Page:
And then I fled to the bathroom, locked myself in a stall, and cried as if my heart was breaking. I had held it together on the phone with Daisy, but now I was sobbing, disgusting gulpy sobs that I couldn’t seem to stop. It was so close to home, too close, and even though I had managed, through sheer force of stupid will, to remain professional on the phone and in the newsroom, I had spent the entire interview not just “being empathetic” but being pulled into the pain with her, pulled back into the emotions of sudden and excruciating loss.
Surviving the suicide of a loved one is a particular kind of awful. The guilt is overwhelming; so is the shame. You’re angry, but you feel guilty for feeling angry because you’re angry at a dead person whom you’re mourning. You feel strangely defensive about the loss, like you failed somehow to keep this person alive; you also feel like people who lost their loved ones to cancer or accidents – people whom they always describe as “loving life” and “full of passion” – must resent the fact that the person you’re grieving threw away a seemingly healthy life for no valid reason. There are just so many feelings.
When I was in college, I wrote this for the school paper, and it’s just as true today as it was when I wrote it:
And here's the thing: I used to wish that my brother had died heroically, dashing into a burning building to save a baby, or even just normally, of leukemia or in a car crash. But he didn't. He killed himself when I was 7, and over the years, I've come to terms with that. It's part of my story, and it's the ending he chose for his, and it doesn't make his death any less valid or my grief any less real.
When I was in seventh grade, the brother of one of my classmates committed suicide. The classmate was a boy I'd had a crush on since third grade, a boy I always got tongue-tied around. He made straight A's and brilliant observations; he played piano and starred in school musicals.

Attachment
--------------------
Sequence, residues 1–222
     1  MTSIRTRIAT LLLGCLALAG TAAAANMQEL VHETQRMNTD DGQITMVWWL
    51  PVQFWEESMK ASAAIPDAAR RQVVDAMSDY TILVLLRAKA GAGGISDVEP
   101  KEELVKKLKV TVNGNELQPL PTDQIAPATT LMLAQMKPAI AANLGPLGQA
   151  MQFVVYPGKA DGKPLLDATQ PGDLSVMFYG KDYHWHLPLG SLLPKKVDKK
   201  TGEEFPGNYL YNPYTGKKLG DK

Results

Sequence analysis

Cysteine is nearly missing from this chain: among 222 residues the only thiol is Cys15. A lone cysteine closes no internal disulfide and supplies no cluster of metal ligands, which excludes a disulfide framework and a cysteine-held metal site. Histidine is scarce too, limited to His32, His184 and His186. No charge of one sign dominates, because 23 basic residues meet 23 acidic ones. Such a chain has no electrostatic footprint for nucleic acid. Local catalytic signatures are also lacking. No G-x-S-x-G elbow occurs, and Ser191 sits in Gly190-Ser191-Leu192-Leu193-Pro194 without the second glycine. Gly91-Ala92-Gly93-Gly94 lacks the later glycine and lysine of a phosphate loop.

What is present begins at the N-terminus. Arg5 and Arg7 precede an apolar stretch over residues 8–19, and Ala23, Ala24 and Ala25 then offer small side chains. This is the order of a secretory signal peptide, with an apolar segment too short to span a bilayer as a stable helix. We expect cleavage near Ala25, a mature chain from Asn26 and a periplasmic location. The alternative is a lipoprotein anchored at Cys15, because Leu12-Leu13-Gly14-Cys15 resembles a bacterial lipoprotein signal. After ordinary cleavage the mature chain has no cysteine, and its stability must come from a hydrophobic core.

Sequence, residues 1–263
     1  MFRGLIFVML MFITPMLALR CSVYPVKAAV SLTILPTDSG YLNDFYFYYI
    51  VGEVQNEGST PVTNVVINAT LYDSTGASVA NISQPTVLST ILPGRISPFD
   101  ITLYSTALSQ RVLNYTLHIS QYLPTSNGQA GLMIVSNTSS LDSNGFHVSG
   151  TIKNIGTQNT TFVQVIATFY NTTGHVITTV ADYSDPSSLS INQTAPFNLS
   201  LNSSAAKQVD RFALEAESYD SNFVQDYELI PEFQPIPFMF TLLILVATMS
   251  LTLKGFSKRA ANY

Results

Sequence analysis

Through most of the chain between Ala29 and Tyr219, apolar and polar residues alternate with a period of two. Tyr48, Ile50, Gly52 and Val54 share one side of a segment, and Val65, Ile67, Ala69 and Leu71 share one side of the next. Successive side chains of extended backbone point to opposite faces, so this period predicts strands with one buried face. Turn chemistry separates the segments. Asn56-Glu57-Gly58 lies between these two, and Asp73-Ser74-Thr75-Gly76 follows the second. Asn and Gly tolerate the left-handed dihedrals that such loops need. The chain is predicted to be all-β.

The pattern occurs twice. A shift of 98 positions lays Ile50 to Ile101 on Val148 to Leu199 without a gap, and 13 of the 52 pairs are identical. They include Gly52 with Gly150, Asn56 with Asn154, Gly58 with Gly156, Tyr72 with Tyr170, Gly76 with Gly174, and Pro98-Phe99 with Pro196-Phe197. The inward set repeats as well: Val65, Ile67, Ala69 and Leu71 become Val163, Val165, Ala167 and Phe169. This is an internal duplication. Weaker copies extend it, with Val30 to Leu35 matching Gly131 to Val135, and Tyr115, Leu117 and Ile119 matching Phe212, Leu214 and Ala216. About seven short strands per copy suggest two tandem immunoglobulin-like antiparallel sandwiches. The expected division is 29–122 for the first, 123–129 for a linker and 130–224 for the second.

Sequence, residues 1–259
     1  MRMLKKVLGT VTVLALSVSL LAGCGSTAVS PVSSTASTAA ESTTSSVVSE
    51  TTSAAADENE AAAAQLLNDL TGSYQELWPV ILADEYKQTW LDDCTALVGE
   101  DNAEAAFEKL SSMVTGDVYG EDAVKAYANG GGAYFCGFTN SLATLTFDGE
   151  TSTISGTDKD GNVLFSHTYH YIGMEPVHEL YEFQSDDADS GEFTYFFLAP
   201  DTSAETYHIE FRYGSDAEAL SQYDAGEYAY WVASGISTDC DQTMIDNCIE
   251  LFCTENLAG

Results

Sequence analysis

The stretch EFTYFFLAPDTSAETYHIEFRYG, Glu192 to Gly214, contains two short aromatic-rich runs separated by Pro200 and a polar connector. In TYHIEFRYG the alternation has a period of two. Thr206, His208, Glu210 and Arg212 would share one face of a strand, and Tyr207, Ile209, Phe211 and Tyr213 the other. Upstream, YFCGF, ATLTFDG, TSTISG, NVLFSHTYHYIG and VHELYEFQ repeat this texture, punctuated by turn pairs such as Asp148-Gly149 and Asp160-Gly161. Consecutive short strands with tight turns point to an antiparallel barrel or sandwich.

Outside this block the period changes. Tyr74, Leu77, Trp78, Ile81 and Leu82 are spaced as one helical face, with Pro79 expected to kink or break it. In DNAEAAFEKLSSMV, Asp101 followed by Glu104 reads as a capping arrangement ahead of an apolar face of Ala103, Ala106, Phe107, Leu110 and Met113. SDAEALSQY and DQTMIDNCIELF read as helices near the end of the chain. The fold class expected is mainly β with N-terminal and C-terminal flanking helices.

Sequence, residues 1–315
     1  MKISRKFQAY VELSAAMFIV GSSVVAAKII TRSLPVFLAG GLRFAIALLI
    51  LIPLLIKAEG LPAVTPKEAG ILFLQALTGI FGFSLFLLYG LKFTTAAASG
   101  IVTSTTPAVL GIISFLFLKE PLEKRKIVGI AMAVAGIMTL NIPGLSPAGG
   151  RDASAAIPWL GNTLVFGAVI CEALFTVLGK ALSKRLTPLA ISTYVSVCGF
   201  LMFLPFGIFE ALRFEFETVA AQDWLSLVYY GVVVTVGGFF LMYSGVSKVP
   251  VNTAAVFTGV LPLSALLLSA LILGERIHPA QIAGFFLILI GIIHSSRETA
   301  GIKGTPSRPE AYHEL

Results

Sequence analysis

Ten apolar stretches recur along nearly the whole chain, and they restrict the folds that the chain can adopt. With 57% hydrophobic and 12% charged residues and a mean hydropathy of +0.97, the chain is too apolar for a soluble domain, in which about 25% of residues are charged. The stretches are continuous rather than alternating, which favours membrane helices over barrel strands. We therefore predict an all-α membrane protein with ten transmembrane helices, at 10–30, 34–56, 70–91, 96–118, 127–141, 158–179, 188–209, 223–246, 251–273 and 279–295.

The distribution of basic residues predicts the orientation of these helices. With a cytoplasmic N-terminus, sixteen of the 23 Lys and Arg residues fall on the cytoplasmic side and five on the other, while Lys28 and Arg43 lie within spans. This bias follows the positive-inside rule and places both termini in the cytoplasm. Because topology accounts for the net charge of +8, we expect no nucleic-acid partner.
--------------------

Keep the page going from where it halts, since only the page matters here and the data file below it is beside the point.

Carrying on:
When he returned to school, our mutual friends dragged me over to his side. "You know about suicide, Eve," they said. "Talk to him."
"Hi," I said to him, in almost a whisper.
"Hi," he said back.
"They want me to talk to you," I said.
"I know," he said.
And then we stood side by side for several minutes, not talking, not looking at each other. For once, it wasn't that I was nervous or embarrassed or shy. That's just the reality of suicide. Sometimes, there's just nothing to say, nothing to make it better, and all the survivors can do is stand silent.
In retrospect, suicide seems so preventable. If only I'd had breakfast with him that morning, if only I'd held his hand for a few minutes longer, if only, if only, if only. But I was only 7, and I could barely tie my shoes.
Obviously, I’ve been thinking about all of this, remembering it, because of the recent suicide of Robin Williams. Many people have used his death as a chance to discuss mental health, addiction, substance abuse, depression – all of which are extremely important. I am lucky that I have never struggled with either addiction or depression personally, but my life has been touched by it in many ways. Some people have also warned that we need to be careful not to glamorize suicide, and I agree with that, too.
My perspective whenever there is a “newsworthy suicide,” however, is always 100 percent that of a survivor. And the thing about survivors is that we survive.
So on that afternoon back in the summer of 2000, I stopped crying, I washed my face, and I went back into the newsroom to tell Daisy’s brother’s story. I typed it up and filed it on time. I made sure I gave him dignity and humanity. I tried to get across Daisy’s love for him without making her sound like an object of pity. I did the best I could as a nervous 19-year-old who had just had a secret ugly cry in the bathroom – and I’d like to think I did even better than that.
I would also like to think that all these years later, even if she has no memory of talking to me, that she still has a copy of that newspaper obituary I wrote. And I’m glad that I was the one on the obit desk that morning to write it, both for her and for me.
The other eager young reporters at the paper had no doubt read the same handbook I had, but I think I had a unique understanding of the fact that from a certain perspective, even a “private suicide of a private figure” can seem pretty damn earth-shakingly newsworthy.
Sometimes there is nothing we can say, and all we can do is stand silent. But I am still honored, all these years later, that this one time, I got to do at least a tiny bit more.